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Tuli Mekondjo Takes New York

On a late summer evening in New York, the floor of Hales Gallery becomes a site to connect with spirits.

Artist Tuli Mekondjo, dressed in a full patchwork skirt and a pristine doek, with her face painted white, kneels amid low mounds of sand as a candle burns and a cloven papaya floats in water.

Tuli Mekondjo’s ancestors are in the air and on the walls. They look out from ‘Oudjuu wo makipa etu/ The burdens of our bones’, the artist’s North American solo debut on display at Hales from 10 September to 8 October 2022, featuring Tuli Mekondjo’s remarkable reimagining of Namibia’s colonial archive.

To summon those who came before her, Tuli Mekondjo’s conduits are simple.

Fire to guide her to the realms of the dead.

Papaya, a sweet offering to the ancestors, a symbol of the womb and a memory of her late mother. The sand, a reference to the many unmarked graves of her ancestors whose stories span the brutality of Namibia’s South African and German colonial rule.

“The silence of the south is extremely tumultuous. The land and the spirits of the land are awake,” says Tuli Mekondjo, who created ‘Oudjuu wo makipa etu’ in Windhoek after a research trip to the south in June of 2022.

“In Lüderitz, I was confronted with the trauma of our ancestors who perished, labouring as contract labourers, mining diamonds, building roads and railway systems, as well as digging for infrastructural colonial telegraph systems that only benefitted the colonial masters. Traces of these traumas are still out there, in the vastness of the land, in the wind, in the water, in the shifting sand of the desert,” says Tuli Mekondjo.

“My time at Gibeon, Kolmanskop, Lüderitz and Shark Island highlighted the histories of violence and trauma of both the people and the land that were witness to the trauma of the Herero-Nama Genocide of 1904 to 1908.”

In ‘Oudjuu wo makipa etu’, Tuli Mekondjo sources images from institutional and unexpected archives, lifting scenes, faces and figures from the obscurity of old colonial postcards and ageing books before making them the centre of intricate mixed media artworks that seek to give her ancestors voice, acknowledge their trauma and subvert the colonial gaze in which they were originally captured.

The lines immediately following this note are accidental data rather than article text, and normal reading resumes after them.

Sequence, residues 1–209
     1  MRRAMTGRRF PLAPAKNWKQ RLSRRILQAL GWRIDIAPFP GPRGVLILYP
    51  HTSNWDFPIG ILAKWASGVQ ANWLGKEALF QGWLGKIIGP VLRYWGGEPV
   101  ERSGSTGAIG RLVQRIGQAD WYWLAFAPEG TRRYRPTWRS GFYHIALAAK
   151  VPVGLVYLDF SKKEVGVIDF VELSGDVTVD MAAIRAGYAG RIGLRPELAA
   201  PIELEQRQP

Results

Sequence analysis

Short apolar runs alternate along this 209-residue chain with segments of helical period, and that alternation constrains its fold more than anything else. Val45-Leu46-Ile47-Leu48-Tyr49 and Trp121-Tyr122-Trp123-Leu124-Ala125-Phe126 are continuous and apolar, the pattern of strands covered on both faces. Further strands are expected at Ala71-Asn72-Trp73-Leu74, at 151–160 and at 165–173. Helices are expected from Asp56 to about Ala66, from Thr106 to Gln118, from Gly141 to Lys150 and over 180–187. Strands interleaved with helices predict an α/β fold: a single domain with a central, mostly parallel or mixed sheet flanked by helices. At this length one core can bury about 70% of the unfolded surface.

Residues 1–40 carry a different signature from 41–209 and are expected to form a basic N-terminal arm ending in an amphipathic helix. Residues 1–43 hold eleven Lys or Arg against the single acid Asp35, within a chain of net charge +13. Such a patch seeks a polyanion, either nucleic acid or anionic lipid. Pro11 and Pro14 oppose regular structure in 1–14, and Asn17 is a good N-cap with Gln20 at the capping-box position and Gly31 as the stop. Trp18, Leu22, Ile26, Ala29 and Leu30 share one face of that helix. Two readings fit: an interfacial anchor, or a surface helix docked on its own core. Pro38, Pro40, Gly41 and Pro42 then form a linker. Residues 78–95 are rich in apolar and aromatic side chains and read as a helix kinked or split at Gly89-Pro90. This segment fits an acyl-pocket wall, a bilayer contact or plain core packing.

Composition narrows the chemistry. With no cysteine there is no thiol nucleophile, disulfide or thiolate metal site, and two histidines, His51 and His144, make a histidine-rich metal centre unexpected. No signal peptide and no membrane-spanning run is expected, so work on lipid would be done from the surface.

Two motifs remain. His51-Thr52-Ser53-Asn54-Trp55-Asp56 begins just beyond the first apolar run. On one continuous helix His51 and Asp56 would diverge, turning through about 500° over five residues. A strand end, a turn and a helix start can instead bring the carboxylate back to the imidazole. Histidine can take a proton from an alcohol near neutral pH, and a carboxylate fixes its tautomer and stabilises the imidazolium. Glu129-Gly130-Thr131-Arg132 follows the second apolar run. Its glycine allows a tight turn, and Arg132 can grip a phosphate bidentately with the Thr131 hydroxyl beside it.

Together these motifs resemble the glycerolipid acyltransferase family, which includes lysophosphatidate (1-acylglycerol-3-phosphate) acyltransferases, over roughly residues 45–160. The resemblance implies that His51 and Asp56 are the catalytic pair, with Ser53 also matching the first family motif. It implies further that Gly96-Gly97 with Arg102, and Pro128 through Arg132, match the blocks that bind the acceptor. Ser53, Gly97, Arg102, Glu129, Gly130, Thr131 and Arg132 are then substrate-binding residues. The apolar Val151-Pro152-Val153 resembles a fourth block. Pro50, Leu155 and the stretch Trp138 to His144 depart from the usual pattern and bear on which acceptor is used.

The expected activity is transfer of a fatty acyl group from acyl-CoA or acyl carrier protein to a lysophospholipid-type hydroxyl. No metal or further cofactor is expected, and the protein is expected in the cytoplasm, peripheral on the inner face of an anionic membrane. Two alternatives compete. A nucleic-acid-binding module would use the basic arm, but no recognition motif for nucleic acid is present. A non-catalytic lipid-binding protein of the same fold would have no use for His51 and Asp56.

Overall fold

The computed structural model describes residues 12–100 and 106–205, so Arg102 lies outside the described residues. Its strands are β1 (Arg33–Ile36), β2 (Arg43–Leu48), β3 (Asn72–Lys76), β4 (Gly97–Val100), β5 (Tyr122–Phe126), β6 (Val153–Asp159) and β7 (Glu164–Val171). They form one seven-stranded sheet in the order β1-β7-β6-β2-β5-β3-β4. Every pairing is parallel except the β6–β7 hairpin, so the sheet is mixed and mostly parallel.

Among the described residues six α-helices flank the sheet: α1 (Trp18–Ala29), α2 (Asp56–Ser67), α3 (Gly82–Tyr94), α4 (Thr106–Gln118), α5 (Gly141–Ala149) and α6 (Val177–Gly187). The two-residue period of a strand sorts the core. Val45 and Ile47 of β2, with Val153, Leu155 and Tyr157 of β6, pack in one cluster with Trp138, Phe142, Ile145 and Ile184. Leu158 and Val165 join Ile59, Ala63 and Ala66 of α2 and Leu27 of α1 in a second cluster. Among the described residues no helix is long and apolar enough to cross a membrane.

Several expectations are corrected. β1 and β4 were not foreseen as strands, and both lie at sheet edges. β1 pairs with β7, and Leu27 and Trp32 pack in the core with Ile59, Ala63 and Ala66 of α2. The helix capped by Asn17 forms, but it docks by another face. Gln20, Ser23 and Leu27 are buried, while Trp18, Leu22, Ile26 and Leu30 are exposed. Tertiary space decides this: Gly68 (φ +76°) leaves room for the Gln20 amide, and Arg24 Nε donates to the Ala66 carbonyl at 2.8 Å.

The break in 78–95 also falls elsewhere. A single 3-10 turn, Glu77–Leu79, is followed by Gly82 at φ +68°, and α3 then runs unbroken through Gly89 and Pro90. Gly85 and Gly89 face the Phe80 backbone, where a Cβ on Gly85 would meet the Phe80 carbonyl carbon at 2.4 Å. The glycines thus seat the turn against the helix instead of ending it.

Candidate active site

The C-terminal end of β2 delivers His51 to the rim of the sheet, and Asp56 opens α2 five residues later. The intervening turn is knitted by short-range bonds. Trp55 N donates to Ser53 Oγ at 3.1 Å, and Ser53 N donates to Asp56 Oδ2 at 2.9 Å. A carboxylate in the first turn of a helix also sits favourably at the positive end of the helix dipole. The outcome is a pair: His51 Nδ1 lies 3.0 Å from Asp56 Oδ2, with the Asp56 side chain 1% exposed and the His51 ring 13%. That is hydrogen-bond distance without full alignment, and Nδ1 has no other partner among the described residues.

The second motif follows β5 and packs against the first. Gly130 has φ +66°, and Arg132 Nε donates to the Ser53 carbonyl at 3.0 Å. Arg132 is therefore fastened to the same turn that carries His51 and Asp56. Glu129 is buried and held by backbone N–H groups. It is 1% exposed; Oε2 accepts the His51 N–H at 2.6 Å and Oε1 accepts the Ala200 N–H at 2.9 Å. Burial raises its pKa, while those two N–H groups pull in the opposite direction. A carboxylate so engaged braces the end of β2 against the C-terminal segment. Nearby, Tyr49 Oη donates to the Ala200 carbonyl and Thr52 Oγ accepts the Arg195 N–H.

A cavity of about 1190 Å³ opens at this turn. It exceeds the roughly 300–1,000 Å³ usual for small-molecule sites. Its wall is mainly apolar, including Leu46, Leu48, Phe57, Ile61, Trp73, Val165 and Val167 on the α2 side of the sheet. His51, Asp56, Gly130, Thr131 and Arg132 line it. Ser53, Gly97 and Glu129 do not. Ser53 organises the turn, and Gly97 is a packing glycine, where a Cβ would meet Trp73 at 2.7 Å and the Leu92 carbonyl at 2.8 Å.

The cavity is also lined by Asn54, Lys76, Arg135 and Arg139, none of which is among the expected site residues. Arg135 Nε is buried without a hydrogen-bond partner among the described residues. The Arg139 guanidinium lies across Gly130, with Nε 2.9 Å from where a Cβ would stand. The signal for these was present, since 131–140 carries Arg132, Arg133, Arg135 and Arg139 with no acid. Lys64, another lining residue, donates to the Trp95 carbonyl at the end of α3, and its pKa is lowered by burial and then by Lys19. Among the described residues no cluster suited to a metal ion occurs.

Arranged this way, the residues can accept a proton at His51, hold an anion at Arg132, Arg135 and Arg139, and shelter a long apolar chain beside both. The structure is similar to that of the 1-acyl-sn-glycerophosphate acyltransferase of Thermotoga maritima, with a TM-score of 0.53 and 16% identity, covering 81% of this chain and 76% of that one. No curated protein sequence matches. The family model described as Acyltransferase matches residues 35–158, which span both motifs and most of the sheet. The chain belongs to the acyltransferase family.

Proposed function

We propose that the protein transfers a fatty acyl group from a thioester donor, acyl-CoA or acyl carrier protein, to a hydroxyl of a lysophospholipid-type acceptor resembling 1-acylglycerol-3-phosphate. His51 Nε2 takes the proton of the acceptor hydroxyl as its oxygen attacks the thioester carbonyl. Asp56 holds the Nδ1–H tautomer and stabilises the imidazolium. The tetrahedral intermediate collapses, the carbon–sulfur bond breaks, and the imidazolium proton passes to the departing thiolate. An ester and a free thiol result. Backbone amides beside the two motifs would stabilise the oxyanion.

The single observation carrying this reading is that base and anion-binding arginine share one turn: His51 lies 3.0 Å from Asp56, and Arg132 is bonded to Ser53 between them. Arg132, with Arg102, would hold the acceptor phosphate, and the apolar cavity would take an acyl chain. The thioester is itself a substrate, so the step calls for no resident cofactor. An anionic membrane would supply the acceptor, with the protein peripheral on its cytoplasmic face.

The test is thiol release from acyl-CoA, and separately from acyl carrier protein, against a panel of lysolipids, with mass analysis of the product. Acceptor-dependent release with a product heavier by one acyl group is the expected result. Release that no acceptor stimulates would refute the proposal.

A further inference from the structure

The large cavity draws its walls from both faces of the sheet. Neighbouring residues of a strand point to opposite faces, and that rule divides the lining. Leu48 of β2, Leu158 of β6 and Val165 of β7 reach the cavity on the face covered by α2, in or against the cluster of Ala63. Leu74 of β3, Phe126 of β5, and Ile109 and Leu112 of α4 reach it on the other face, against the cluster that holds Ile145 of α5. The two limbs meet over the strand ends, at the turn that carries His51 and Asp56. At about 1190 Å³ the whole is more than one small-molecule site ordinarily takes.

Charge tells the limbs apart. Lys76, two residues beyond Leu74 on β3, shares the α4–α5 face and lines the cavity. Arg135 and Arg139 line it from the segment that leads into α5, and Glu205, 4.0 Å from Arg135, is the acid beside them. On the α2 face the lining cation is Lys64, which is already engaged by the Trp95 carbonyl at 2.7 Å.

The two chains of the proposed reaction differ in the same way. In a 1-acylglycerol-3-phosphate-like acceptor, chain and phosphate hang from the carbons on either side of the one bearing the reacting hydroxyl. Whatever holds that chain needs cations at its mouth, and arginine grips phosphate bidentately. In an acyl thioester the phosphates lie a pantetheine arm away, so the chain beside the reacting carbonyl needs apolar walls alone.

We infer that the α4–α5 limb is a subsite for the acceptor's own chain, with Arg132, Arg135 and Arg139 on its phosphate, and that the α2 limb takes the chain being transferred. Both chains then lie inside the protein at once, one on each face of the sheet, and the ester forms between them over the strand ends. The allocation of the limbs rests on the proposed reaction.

Like Tuli Mekondjo’s spiritual conduits, the elements of the self-taught artist’s frames are intentional.

The gold of creeping plants in homage to her grandmother. The inclusion of embryos signifying the constant rebirth of colonial trauma. The presence of birds alluding to the presence of ancestors. Cloth representing the work of women who laboured in the colonial masters’ homes as maids, washing, ironing and making beds. Embroidery, a way to bring this trauma within to the foreground.

Complex, deliberate and meshing the collective with the personal, which includes Tuli Mekondjo’s own childhood in refugee camps in Angola and Zambia as Namibia fought for independence against South African rule, ‘Oudjuu wo makipa etu’ was also in conversation with another group of ancestors in New York.

The American Natural History Museum (NYC) houses the remains of eight Namibians who died during German colonial rule and genocide. Some of the remains have been identified as Ovaherero, San, Nama and Damara. The remains are not on display or accessible to the public.

“On the day of the exhibition opening, early in the morning hours, I realised the importance and my desire to go on pilgrimage to the American Museum of Natural History, to pay my respect and to honour our Nama, Damara, San and Herero ancestors who are kept hostage at this museum,” says Tuli Mekondjo.